Another prominent Memphis advocacy organization, MICAH, has publicly asked the board to hold at least two community input sessions. Greene said she decided the district needed to have four. The sessions are scheduled for:

  • Dec. 8, from 4 to 6 p.m. at Snowden School, hosted by school board members for Districts 1-3.
  • Dec. 15, from 4 to 6 p.m. at Southwind High School, hosted by board members from Districts 4-6. 
  • Jan. 12, 2023, from 4 to 6 p.m. at Parkway Village Elementary, hosted by board members from Districts 7-9.
  • Jan. 21, from noon to 2 p.m. at the district offices.

A student input session is slated for Dec. 6, from 7:30 to 9 a.m. A location was not specified.

Greene also touted the community search committee, which will include her and Woods representing the board; a veteran MSCS teacher; and local advocacy groups and nonprofits including Memphis LIFT, Bridges, Literacy Mid-South, Whitehaven Empowerment Zone, MICAH, Memphis Education Fund, and Stand for Children. 

“I thought long and hard about members to serve on our community group,” Greene said. “I tried to touch every community group, because some of you have been doing this work for years — you’ve had your boots on the ground.”

Samantha West is a reporter for Chalkbeat Tennessee, where she covers K-12 education in Memphis. Connect with Samantha at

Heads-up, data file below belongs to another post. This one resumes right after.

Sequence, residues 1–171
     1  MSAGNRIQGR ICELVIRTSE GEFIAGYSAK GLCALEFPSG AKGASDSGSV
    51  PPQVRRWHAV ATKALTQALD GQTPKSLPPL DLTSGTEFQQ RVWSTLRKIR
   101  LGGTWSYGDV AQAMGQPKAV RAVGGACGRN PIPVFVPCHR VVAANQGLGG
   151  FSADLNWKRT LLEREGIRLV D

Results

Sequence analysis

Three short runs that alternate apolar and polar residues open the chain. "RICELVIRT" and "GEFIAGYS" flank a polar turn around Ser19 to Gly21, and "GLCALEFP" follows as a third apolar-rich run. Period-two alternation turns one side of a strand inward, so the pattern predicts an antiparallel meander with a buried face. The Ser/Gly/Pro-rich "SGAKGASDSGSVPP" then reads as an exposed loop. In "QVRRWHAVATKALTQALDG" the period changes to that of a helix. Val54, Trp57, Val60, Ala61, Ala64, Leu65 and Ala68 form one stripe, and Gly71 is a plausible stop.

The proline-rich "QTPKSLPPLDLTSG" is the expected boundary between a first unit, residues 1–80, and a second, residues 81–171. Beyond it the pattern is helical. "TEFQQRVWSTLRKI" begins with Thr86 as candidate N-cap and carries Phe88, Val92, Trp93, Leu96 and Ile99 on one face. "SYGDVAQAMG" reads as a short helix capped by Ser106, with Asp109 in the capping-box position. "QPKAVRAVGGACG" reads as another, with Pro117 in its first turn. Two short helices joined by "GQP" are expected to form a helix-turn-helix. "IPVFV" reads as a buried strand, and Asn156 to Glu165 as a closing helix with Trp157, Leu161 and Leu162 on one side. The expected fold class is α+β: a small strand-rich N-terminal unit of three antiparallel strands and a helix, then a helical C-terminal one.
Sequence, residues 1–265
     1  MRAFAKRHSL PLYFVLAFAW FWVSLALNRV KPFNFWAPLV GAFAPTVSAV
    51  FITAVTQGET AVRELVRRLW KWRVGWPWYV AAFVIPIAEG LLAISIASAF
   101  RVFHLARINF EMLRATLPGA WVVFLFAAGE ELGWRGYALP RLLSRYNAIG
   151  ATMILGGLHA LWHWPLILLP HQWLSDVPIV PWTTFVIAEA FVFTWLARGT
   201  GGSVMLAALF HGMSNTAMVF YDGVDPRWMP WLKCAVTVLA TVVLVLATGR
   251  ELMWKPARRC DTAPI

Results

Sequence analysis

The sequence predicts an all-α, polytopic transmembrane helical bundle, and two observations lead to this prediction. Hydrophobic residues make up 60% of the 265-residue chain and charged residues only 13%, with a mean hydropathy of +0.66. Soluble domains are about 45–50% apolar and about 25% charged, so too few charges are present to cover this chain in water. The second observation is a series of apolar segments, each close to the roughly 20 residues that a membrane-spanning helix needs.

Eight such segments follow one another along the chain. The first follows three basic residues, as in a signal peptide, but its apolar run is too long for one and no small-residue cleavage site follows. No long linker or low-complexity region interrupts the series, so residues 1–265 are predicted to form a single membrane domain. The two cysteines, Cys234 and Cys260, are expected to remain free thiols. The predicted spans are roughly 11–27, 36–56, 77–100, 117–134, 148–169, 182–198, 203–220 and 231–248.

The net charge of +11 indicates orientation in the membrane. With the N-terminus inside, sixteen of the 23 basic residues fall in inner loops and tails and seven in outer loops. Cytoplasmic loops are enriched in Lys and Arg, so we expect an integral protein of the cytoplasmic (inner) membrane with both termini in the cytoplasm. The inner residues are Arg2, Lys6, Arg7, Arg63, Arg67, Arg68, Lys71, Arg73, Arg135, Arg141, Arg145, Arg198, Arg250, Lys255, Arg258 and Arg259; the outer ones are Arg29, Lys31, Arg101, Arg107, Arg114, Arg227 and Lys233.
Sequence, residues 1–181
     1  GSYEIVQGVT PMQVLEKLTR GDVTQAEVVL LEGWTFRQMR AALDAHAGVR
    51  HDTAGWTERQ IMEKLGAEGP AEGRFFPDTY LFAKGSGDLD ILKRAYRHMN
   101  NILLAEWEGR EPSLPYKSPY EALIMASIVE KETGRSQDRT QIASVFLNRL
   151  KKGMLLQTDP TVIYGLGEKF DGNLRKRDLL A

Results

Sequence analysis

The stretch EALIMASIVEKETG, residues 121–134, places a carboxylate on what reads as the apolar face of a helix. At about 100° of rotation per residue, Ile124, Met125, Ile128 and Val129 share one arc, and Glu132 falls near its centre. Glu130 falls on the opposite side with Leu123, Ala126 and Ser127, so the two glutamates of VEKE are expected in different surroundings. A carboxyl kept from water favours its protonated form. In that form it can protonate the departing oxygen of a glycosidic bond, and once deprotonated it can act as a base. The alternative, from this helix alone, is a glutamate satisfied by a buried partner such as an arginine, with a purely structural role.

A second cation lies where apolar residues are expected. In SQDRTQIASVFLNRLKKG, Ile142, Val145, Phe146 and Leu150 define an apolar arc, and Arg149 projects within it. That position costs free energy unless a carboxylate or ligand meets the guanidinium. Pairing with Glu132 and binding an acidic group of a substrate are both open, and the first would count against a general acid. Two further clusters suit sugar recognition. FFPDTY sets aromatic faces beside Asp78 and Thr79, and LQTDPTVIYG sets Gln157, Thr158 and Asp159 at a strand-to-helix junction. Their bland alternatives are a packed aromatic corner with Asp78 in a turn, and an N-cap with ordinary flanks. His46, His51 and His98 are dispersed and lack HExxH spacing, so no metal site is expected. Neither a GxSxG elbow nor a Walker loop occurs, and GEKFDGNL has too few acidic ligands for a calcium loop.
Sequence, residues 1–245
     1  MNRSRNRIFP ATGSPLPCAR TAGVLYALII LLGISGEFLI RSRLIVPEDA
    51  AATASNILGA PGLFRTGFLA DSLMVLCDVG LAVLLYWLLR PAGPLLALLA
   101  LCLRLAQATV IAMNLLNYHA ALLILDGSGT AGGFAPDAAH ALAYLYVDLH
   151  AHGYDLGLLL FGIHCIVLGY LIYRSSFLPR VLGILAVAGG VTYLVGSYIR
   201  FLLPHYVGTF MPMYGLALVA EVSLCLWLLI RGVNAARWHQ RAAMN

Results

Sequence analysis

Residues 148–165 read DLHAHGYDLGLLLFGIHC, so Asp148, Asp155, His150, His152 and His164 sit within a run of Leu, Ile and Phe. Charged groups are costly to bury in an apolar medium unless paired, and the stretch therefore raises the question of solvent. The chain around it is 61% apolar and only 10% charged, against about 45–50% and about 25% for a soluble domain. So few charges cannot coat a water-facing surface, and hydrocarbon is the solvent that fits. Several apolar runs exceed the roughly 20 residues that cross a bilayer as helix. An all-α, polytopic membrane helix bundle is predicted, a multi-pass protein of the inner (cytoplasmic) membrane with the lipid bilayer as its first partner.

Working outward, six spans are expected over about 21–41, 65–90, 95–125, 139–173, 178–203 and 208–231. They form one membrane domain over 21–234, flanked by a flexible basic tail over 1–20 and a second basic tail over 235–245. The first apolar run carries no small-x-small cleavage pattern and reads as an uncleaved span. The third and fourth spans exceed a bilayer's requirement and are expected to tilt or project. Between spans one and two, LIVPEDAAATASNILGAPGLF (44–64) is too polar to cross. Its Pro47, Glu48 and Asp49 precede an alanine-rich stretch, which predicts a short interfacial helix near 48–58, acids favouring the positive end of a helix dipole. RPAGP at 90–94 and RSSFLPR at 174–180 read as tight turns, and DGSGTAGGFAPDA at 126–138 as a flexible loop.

The Latest

Superintendent says tough decisions made last year have put the district on solid financial ground.

Los estudiantes que pasaron su primer año de high school con educación a distancia se gradúan esta primavera.

Millions of members of the Class of 2024 started high school online and off camera. This Denver student learned lessons she’ll carry with her to college and beyond.

The charge comes after a lawsuit alleged Julious Johnican allowed and encouraged students to attack their 7-year-old classmate.

Preschool operators say the city policy limiting the shelter stays of migrant families to 60 days has had devastating effects on their families and programs.

The $53.1 billion budget funds a new early childhood education department, creates a state child tax credit, and adds $350 million more to K-12 public schools.